Painful joints, stiffness, swelling — arthritis pain can be serious and debilitating. If you are experiencing pain that is preventing you from living your life to the fullest, it helps to understand what arthritis pain looks like and determine what might be the cause of your condition.
Arthritis is the number one cause of disability in America, according to the Arthritis Foundation. More than 50 million people in the U.S. suffer from some form of arthritis, meaning one in every five people is affected by arthritis — and the pain it can cause.
Pain may seem like a natural part of aging, but pain that is caused by arthritis can be treated. Fortunately, there are ways to address this common condition.
Types of arthritis pain
Arthritis is an umbrella term that is used to describe 100 different diseases and conditions that affect the joints and the tissues surrounding them. Any joint in the body can be affected, including those in the fingers and hands, shoulders, wrists and elbows, hips and knees, and feet and ankles. Even your jaw can be affected by arthritis. Ouch!
Many times arthritis pain that begins to affect daily activities and quality of life is what causes people to seek the help of an orthopedic expert. You may experience the following symptoms:
- Joint pain
- Decreased range of motion
- Redness or tenderness
Pain may increase with activity or increase while you are sedentary, such as overnight in bed. You may notice symmetrical symptoms — or those that occur on the same joints on each side of the body.
Treating arthritis pain
The goal of arthritis treatment is to decrease pain and improve mobility, while restoring your quality of life. An orthopedic expert can assess your condition to determine what will give you the best outcome, be it non-invasive treatment, physical therapy or joint replacement surgery.
You may be wondering what is out there in terms of arthritis pain medication and what actually helps? There are some natural arthritis pain relief methods, the most important of which is a regimen of orthopedic physical therapy (PT).
Your orthopedic specialist will likely include PT in any treatment plan that includes joint injections, but it may be recommended even with over-the-counter treatments like analgesics — such as Tylenol or nonsteroidal anti-inflammatory drugs (NSAIDs) — such as Advil.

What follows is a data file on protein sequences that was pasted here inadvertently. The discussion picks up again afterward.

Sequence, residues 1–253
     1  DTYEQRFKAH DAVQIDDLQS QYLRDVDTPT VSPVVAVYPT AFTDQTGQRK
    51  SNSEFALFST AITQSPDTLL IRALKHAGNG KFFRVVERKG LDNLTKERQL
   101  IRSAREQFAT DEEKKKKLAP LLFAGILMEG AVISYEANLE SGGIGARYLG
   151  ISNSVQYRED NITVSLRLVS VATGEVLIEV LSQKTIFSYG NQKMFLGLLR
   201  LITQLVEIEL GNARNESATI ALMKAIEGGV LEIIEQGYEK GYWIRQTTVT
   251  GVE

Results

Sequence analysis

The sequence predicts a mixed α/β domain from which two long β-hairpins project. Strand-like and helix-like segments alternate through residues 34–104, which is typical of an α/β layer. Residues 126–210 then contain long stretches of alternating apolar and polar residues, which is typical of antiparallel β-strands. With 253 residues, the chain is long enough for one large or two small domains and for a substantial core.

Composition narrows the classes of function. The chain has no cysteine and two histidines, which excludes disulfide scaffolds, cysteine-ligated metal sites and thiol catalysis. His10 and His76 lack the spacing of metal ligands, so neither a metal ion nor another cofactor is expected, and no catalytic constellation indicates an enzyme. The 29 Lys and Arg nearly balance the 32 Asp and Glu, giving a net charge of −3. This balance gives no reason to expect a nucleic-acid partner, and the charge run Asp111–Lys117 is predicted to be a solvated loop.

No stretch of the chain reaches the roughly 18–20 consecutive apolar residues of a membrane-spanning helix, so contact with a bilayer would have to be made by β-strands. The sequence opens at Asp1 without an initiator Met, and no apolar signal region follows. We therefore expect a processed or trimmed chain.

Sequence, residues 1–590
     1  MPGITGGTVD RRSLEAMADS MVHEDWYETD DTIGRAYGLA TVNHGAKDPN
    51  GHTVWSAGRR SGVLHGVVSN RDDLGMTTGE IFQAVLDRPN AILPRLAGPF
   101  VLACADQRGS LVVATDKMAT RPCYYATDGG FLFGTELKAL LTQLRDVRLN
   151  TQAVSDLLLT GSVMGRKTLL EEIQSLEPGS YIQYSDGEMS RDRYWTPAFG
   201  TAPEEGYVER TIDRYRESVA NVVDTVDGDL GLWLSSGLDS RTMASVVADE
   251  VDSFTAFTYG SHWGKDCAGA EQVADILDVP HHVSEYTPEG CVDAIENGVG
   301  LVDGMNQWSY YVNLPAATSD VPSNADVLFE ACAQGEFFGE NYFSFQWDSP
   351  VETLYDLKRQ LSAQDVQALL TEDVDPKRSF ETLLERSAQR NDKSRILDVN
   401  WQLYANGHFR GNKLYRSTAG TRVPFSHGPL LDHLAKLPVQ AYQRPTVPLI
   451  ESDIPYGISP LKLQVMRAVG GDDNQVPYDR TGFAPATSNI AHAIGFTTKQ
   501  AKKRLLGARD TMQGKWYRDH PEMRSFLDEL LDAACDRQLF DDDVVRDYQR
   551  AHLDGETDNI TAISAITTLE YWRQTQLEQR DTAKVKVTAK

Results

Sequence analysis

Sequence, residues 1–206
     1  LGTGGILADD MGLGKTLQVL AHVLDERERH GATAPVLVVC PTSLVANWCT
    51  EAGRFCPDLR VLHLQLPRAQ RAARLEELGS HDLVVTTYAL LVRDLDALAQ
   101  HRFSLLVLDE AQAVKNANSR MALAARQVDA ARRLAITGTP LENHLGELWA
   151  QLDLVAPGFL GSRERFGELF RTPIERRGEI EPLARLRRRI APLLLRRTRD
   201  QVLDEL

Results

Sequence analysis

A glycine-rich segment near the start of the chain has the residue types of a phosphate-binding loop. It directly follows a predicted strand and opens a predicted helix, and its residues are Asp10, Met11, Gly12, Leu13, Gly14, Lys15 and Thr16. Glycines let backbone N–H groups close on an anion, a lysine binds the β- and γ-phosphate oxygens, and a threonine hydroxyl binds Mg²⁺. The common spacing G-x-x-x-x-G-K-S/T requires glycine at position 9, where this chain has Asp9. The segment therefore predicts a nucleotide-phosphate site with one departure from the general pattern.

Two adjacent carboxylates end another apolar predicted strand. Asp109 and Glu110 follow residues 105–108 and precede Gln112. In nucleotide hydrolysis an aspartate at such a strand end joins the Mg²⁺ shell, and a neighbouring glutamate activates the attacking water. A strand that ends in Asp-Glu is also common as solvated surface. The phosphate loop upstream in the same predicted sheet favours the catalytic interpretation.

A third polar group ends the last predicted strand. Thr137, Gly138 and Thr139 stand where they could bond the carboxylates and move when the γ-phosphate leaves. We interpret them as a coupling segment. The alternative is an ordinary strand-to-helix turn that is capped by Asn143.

Joint injections may include corticosteriod shots — or cortisone shots — or gel injections. When injected properly into or near the inflamed joint, cortisone shots should offer pain relief that can last from a few days to several months. It should provide a window of opportunity for you to engage in PT that will help improve strength and mobility.
Gel injections are made of a synthetic substance that mimics that which actually occurs naturally in joints. The substance has anti-inflammatory properties and work like a shock absorber for the joint. They can last longer than cortisone shots and also provide a window for other treatment, like PT.
What options exist when medication fails?
If medication, PT and joint injections fail to improve quality of life, your doctor may recommend full or partial joint replacement surgery. Some common surgical procedures include: athroplasty, joint resurfacing, total joint replacement (TJR) or joint revision.
According to a 2013 study by the journal Arthritis & Rheumatism, patients are more likely to benefit from joint replacement surgery if they are in general good health, have only one affected hip or knee, experience high levels of arthritis pain and suffer from a non-inflammatory type of arthritis (such as osteoarthritis).
Your age and other factors may contribute to the decision to go the surgical route. Take comfort in the fact that few arthritis sufferers end up needing surgery. And if you do, many surgeries are routine, outpatient procedures. Talk to a fellowship-trained orthopedic doctor about what treatment will get you back to your best quality of life in the least amount of time.